We commenced preaching in the school assemblies at the three Junior Secondary Schools in January 2000 and this work continues on a weekly basis. This means that every child who attends the state schools in Palapye has the privilege of hearing the gospel at school for at least three years. We also teach the Word of God in Kgaswe International Primary School weekly and there are a number of believers in fellowship today who first heard the gospel through the school outreach.

Over the years, we have enjoyed great help from a number of the Lord’s servants. Some of these brethren have come repeatedly to teach the Word and preach the gospel, not only in Palapye, but also in the other assemblies. They have made a great contribution to the work and to the establishment of the believers in the country.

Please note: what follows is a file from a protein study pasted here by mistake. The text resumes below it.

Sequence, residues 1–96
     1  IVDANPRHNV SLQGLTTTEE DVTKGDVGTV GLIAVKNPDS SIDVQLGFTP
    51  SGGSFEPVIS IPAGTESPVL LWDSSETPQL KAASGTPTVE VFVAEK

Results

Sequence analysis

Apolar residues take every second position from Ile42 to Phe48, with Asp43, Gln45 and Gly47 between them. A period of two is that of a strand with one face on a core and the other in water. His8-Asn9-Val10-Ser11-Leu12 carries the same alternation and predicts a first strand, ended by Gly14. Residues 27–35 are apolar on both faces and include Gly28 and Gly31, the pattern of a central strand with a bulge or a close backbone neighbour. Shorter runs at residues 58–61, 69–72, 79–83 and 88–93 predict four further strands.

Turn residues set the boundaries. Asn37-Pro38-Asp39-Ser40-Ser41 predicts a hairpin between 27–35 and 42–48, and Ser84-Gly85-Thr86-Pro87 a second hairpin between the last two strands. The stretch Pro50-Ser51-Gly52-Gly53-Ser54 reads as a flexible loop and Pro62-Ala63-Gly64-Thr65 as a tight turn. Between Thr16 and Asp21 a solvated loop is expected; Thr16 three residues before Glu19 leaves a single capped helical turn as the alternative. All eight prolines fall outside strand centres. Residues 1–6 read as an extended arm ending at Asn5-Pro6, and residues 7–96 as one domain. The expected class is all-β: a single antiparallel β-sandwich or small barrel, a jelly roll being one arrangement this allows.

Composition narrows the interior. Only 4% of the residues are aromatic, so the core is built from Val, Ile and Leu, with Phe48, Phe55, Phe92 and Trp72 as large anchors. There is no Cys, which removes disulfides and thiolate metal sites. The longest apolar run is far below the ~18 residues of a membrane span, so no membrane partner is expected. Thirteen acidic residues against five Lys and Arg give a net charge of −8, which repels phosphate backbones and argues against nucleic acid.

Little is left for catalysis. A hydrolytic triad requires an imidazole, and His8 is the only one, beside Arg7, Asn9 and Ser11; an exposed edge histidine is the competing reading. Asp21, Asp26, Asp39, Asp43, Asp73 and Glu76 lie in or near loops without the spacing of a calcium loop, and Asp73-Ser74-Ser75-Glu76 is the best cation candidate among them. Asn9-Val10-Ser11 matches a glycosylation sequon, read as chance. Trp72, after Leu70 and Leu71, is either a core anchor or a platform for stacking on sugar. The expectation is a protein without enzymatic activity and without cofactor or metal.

Until recently, we had an outreach meeting in a disused shop in the Serorome area of Palapye each Wednesday, as well as children’s meetings. We have recently relocated both of these meetings to the gospel hall. The interest of adults in the area where it is situated has been very poor, despite the efforts. Only the children showed real interest and these are now attending on Wednesday in the hall. Many of them already come to Sunday school.